“The same sort of imagery was used over and over again, shots captured on a long lens from faraway on boarded up houses that nobody lives in, or of people that were taken without their consent. It was really problematic and didn’t represent the community that I know and love.”

It was important for Tailfeathers to tell the story, as a member of the Kainai First Nation (she’s also Sámi), in order to counter several tropes: trauma porn, oversimplified portraits of drug and alcohol recovery, and the extractive way that Indigenous people are featured in documentaries. Her film offers a nuanced look at a community grappling with the best way to approach its drug crisis, considering that not everyone is willing to embrace harm reduction, while giving space to the people actively working every day to make a change.

She says that the general mode to approach addictions, which have been a struggle within Indigenous communities for a very long time, is with Alcoholics Anonymous or the Red Road to Wellbriety, the Indigenized approach to the 12-step sobriety and recovery programs. She observed a pushback in the community to the idea of harm reduction.

Clients at the Kainai Healing Lodge standing with Sean Chief Moon and Bryan Smith, addiction counsellors. | Seen Through Woman Prod. and NFB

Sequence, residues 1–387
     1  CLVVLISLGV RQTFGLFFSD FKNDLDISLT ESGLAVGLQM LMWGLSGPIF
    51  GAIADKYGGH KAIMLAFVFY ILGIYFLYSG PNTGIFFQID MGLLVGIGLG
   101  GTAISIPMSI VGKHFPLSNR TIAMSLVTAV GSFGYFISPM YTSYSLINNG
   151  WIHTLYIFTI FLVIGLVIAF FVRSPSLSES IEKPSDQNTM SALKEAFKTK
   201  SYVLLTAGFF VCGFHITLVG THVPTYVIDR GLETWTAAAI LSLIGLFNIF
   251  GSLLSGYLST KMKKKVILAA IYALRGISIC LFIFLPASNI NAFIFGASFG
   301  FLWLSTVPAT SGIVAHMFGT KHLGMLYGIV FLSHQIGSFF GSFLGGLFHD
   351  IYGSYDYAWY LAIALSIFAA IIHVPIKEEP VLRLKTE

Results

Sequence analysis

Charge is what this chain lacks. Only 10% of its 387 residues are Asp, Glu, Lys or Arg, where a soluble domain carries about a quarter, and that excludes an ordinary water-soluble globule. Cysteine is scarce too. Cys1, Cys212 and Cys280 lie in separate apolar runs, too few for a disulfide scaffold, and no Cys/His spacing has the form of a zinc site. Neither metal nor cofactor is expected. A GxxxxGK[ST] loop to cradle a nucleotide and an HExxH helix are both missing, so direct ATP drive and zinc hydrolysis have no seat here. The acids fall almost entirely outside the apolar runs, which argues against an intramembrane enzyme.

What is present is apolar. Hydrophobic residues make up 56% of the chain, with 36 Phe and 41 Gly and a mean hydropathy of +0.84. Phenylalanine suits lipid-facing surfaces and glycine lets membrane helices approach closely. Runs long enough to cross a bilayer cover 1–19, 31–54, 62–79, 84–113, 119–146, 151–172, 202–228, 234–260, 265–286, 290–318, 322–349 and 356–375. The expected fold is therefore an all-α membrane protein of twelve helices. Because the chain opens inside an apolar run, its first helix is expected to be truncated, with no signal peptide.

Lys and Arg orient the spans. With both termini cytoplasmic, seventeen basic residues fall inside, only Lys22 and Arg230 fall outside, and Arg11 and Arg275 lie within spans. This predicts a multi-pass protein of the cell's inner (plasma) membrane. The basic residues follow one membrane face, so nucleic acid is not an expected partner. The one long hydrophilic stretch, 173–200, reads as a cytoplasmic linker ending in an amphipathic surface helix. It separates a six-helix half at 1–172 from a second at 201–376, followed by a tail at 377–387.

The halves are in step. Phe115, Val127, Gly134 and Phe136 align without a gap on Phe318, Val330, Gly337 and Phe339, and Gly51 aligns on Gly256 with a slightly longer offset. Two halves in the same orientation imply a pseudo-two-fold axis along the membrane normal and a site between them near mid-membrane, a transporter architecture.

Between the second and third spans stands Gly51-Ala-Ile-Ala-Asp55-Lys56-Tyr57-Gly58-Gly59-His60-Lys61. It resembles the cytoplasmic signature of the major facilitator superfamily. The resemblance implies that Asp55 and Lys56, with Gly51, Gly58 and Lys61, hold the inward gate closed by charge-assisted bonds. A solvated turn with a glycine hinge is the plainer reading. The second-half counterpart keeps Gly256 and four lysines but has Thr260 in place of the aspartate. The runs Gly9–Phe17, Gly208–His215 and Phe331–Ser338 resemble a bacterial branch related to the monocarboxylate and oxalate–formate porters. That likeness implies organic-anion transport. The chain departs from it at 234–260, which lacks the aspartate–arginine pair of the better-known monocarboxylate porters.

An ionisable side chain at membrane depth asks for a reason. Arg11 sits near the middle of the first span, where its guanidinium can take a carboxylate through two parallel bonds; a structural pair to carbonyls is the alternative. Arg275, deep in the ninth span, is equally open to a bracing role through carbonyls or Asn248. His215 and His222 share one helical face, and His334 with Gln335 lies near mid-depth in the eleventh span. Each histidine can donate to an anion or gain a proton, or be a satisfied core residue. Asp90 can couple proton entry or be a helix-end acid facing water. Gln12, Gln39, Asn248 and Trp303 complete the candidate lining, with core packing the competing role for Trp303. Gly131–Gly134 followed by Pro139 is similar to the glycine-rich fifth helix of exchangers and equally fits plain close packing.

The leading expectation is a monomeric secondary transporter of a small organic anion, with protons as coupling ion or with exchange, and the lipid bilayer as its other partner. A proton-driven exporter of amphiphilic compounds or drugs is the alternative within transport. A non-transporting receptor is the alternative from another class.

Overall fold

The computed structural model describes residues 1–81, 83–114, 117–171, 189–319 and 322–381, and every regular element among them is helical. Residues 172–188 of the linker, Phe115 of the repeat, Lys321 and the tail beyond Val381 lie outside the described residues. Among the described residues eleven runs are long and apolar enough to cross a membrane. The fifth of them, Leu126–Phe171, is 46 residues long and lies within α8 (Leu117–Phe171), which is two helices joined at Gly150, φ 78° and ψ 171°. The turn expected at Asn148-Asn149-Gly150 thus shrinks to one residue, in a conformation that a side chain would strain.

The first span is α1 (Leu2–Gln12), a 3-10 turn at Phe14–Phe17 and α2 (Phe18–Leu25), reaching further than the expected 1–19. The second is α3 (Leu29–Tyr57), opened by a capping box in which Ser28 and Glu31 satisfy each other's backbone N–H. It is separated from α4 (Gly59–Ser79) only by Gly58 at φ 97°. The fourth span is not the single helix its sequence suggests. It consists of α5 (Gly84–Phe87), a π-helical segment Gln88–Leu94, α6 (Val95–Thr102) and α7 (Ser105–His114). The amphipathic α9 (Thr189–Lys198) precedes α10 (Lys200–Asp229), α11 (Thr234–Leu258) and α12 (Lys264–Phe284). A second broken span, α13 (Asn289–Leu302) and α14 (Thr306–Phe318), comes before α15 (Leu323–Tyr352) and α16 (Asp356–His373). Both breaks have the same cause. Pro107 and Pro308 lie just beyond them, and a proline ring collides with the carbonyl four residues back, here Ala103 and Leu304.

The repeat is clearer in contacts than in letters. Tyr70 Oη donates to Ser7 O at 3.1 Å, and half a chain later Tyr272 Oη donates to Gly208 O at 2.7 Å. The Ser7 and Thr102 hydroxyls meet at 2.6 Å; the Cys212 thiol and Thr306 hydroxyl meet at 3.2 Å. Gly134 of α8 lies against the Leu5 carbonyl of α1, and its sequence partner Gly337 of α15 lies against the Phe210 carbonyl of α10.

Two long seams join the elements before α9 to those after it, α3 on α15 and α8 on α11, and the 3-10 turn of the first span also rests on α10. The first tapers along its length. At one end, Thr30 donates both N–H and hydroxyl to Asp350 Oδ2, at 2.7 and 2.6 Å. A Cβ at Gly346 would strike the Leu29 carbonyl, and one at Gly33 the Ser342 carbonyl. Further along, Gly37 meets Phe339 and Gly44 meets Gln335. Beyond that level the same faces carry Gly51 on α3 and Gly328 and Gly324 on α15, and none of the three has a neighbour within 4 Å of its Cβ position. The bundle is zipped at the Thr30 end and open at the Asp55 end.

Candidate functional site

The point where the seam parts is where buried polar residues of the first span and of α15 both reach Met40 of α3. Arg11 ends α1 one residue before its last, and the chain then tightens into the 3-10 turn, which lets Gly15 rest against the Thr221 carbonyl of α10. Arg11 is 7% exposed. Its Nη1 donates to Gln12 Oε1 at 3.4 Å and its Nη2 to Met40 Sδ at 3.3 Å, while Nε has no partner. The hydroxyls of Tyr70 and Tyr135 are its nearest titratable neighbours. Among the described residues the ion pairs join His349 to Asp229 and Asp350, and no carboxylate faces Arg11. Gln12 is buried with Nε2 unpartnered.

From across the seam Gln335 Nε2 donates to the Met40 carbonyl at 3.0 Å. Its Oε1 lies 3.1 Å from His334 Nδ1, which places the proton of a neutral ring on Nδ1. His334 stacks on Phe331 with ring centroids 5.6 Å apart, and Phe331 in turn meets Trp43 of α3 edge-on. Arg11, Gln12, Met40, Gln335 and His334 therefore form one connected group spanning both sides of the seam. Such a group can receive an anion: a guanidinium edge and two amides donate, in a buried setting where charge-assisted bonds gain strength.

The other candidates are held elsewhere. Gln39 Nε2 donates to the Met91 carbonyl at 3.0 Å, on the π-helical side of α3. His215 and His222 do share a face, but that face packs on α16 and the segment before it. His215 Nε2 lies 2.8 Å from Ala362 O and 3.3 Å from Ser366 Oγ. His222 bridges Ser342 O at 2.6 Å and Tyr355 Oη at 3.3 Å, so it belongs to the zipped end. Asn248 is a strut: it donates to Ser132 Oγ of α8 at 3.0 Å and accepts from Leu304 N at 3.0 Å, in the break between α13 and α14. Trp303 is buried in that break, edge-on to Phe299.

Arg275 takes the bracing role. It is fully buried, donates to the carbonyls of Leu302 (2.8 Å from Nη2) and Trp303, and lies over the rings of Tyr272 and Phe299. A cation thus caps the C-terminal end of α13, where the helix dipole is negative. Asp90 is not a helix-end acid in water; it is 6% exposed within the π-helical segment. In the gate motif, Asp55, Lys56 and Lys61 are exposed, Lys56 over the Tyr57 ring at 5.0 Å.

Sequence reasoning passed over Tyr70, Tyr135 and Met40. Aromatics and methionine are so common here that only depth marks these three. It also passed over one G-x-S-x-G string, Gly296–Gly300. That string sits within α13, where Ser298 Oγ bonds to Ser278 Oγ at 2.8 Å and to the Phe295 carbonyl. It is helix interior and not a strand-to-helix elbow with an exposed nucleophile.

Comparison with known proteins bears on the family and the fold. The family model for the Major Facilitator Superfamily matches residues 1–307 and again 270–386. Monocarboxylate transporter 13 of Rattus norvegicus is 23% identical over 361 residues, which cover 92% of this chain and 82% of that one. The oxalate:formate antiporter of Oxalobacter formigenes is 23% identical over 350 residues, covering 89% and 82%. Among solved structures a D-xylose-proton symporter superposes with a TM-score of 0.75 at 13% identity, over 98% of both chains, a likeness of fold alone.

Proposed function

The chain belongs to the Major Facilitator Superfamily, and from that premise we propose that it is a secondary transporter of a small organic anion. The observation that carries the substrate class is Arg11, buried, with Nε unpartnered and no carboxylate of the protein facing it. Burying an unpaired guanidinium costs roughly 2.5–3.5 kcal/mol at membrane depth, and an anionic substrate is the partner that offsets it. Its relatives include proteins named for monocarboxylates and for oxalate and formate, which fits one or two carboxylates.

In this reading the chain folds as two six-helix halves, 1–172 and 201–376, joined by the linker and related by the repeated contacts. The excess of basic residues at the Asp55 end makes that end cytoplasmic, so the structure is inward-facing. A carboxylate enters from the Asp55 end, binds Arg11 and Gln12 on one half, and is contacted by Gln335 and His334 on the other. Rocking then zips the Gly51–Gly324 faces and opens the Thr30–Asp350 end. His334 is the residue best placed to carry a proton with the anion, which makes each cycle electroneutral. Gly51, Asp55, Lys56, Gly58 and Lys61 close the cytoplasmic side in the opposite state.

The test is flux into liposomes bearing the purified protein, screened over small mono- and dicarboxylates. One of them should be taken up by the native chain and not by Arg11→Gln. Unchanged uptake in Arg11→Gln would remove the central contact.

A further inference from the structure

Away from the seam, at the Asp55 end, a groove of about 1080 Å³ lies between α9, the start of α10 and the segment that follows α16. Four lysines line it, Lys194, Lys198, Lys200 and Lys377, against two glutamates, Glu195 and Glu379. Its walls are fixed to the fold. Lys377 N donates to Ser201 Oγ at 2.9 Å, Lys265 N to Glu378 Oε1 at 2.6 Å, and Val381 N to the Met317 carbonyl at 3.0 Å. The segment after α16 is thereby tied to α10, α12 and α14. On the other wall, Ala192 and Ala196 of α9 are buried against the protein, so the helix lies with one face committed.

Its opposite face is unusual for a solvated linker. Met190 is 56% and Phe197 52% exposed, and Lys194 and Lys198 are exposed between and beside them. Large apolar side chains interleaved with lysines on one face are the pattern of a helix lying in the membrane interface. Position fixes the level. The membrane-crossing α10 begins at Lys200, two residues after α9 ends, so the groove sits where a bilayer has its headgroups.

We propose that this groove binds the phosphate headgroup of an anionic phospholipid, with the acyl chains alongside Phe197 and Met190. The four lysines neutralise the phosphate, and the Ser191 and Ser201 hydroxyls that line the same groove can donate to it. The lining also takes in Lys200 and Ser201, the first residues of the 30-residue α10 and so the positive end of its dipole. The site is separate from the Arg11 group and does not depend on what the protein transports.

“It became very apparent that there isn’t one singular voice within my community in terms of experience, understanding or perspectives towards addictions and harm reduction in general,” says Tailfeathers. “I came to understand that there needed to be a really rich diversity of voices from within the community. I think that’s something that we often don’t see in documentaries is a wide breadth of voices.” Kímmapiiyipitssini also paints a full picture of the people who are more than their substance use disorder, including homeless couple George and Leah. Tailfeathers gets emotional, calling them “the bravest people I know,” who endure dehumanizing treatment every day. She considers it a privilege to be welcomed into their lives and that they shared so much of themselves with her.

“It was a tough journey in terms of wanting to represent them in a way that didn’t portray them as victims, or people who are homeless and addicted. They are so much more than that,” says Tailfeathers. “I think they have so much to contribute to our community. It’s just that living in such unfortunate circumstances where they face insurmountable barriers on a daily basis [is so difficult for them], and I don’t think people understand the gravity of their situation.”